It is well known that both hardware and software contributed to the total dominance of computers. Has there been an experiment to run a very modern program (say Alpha Zero) on a museum computer (of course, a memory issue can happen, so don't abuse the Zuse for your amuse) or vice versa, a museum program on a very fast computer? If yes, with what results (hard- or software more important)?

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    I see compatibility problems in running such experiments Jan 3 at 19:44
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    It's the software. In computer science we generally say that we would rather run today's algorithms on yesterday's computers than vice versa. Chess shouldn't be an exception.
    – Hauptideal
    Jan 4 at 9:00
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    @Hauptideal Hmm, hardware acceleration is easily an order of magnitude (in terms of execution time) for modern DL models at least. I'd say software is always on the forefront of computing progress, and you can poorly run something advanced today knowing that tomorrow it will run well. But hardware still imposes limits on this progress, you can feasibly be two steps ahead, but not two thousand. We would not have Deep Blue if all we had was PDP-11.
    – Lodinn
    Jan 4 at 16:51
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    @Lodinn that's all just constant factors. I'm taking about real Big-O improvements! And yet while something like this didn't happen in chess, we have much much better evaluations today than we had before.
    – Hauptideal
    Jan 4 at 19:13
  • Modern neural nets benefit greatly from GPGPU but only for training. You can then use the generated weights on a smartphone.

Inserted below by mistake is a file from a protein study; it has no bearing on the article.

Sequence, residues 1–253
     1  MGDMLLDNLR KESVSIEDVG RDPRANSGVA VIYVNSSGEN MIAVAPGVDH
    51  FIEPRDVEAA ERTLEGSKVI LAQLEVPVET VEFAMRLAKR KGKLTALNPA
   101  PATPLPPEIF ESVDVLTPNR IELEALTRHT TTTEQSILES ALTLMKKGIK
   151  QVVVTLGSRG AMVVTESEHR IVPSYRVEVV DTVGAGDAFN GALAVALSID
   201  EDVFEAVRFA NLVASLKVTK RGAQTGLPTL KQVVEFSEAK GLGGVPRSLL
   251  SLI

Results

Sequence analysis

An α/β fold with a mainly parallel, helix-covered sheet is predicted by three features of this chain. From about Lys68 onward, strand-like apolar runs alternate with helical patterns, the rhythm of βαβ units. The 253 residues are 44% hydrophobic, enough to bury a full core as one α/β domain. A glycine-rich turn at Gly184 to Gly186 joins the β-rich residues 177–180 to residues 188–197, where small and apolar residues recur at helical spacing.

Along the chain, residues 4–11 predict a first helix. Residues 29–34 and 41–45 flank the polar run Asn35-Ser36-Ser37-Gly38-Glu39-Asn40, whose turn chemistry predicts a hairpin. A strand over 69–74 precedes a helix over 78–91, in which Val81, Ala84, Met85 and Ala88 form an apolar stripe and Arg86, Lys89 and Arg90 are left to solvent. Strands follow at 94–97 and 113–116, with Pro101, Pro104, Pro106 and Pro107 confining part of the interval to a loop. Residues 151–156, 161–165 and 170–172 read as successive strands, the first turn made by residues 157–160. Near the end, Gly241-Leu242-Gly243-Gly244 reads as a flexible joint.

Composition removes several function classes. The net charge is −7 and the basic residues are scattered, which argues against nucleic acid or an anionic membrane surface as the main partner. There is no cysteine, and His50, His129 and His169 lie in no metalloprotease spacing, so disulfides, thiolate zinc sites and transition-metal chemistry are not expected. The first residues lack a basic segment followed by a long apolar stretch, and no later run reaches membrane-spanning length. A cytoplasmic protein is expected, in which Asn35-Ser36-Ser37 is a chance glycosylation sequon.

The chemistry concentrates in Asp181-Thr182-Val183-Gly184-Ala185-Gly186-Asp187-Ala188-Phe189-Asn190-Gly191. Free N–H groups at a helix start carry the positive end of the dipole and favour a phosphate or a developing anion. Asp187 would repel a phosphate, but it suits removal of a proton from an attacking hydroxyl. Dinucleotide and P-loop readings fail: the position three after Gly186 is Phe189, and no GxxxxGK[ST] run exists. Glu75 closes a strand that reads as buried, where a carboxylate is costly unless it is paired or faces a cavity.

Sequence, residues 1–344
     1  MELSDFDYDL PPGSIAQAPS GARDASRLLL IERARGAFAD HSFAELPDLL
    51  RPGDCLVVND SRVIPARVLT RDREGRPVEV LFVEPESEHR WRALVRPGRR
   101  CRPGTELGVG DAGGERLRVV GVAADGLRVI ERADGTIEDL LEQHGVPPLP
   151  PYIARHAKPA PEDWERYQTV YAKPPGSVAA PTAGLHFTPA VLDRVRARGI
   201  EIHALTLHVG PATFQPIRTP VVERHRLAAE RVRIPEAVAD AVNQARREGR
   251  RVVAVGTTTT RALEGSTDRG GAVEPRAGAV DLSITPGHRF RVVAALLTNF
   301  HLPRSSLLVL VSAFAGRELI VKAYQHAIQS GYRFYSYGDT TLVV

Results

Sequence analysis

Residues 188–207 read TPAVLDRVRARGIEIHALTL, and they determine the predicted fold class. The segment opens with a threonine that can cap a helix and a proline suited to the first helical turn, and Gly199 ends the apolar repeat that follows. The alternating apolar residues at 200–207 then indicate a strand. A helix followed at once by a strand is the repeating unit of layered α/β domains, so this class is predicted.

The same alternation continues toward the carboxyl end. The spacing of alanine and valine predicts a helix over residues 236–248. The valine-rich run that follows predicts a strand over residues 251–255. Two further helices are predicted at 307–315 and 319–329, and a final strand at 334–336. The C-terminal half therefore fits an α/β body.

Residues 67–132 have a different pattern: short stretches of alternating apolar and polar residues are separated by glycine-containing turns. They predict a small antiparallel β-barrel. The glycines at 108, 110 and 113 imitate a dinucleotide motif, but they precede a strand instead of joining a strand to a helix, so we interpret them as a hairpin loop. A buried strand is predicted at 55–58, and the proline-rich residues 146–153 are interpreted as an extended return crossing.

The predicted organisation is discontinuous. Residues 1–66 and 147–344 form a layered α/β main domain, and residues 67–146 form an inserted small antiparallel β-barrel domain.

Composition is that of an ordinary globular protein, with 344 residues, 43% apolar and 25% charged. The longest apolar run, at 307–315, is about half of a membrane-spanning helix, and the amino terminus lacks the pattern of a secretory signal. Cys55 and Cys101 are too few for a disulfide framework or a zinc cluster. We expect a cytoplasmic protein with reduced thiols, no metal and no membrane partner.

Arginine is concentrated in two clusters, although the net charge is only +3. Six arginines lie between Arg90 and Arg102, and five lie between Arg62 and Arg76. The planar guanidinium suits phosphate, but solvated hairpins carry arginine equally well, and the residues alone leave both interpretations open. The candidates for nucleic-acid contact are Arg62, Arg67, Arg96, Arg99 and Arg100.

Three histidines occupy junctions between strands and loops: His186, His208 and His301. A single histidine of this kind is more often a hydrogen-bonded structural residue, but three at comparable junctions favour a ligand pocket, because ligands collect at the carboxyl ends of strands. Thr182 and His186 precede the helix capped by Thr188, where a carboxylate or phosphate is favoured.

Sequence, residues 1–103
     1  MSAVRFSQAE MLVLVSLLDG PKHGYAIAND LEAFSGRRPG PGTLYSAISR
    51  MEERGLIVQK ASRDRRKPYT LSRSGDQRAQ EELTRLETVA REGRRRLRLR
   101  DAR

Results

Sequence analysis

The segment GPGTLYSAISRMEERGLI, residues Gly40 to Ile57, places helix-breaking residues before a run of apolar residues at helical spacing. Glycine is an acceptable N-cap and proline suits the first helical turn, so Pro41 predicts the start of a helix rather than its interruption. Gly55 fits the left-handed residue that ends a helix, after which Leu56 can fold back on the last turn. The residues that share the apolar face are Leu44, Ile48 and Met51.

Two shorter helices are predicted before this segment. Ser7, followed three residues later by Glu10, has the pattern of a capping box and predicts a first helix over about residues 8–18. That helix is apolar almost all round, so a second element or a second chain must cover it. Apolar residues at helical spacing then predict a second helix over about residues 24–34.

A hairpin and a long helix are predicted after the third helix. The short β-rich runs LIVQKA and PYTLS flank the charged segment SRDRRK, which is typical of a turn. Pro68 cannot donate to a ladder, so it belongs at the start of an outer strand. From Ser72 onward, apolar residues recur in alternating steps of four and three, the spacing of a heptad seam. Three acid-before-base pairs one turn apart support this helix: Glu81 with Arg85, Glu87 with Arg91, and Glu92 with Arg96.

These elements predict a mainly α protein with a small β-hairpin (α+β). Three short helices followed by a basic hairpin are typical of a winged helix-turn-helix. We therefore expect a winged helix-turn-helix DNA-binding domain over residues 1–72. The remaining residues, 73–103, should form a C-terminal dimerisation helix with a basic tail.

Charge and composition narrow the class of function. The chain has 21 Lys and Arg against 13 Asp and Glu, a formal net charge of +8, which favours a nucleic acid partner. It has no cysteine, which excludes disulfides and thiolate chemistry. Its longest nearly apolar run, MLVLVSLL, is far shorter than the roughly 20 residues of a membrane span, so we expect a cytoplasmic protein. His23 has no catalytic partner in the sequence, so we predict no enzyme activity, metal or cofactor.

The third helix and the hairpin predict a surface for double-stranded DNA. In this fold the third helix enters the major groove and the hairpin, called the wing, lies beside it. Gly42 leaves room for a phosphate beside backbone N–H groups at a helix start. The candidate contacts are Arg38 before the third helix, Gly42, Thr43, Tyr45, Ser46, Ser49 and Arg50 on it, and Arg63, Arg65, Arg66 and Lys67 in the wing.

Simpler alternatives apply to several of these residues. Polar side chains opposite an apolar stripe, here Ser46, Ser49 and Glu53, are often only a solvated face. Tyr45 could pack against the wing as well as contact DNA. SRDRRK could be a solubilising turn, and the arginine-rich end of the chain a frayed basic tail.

– qwr
    Jan 4 at 21:24

5 Answers 5


The answer is software is more important. You can test this yourself actually. Get your favorite top engine today and your favorite top engine from 10 years ago, and run both of them against each other at time odds. This simulates superior hardware (since it yields a higher number of positions searched).

This was done at 50-1 NPS (nodes per second, a measure of how fast the hardware is) odds here. Komodo 8 (a top 2014 engine), played on a smartphone against Shredder 10 (top 2006 engine) on an i7 desktop. Komodo won 5-1. Not a large sample size by any means, but clear enough given auxiliary data.

See also How does engine strength scale with hardware?, which in conjunction with rating lists played on equal hardware gives an idea of where hardware effects might dominate over software.

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    Interesting. You'd run into problems running modern engines on true museum-piece hardware, though, like when memory limitations prevent modern engines from keeping their working set in RAM (especially deep learning models?). Or on truly ancient machines, when the depth they can see (in the time limit you give them) is so much lower than their algorithms / heuristics were designed and tuned for, they might make huge blunders. Maybe even worse than simple chess-playing programs written for such machines that use simpler heuristics. Jan 4 at 8:11
  • Yes software by far. More so once realizing said software isn't, but could be, (re)written to run on toasters. Jan 4 at 12:46
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    I wonder how well a chess engine could be programmed to perform if constrained to various historical classes of machinery, including e.g. the Fidelity Chess Challenger (a Fairchild F8 I think), a Atari 2600 with first-generation cart (6502 with 4K of code and 128 bytes of RAM) or later-generation cart (32K of code and 256 bytes of RAM), an Apple II+ (6502 with 48K RAM and 140K floppy), a 640K IBM PC using RAM only, a 640K IBM PC with up to 5MB of hard drive space, etc. An Apple II wouldn't be competitive with Stockfish, but modern knowledge might allow vastly better play than any programs...
    – supercat
    Jan 5 at 16:09
  • ...written for that platform in the 20th Century.
    – supercat
    Jan 5 at 16:09
  • The test you describe is clearly faulty: if you want to test hardware and software influences seriously, you don't emulate. (That's like whoever thought that the Digital VAX computer was a 1MIPS system because 'it feels like 1MIPS'.) So thumbs down for that. As it is the test also is open to the problem that it may test only improvements of a particular hardware architecture. No, the question deserves a serious test. If no-one has performed that, it is better to say so.
    – user30536
    Jan 6 at 8:09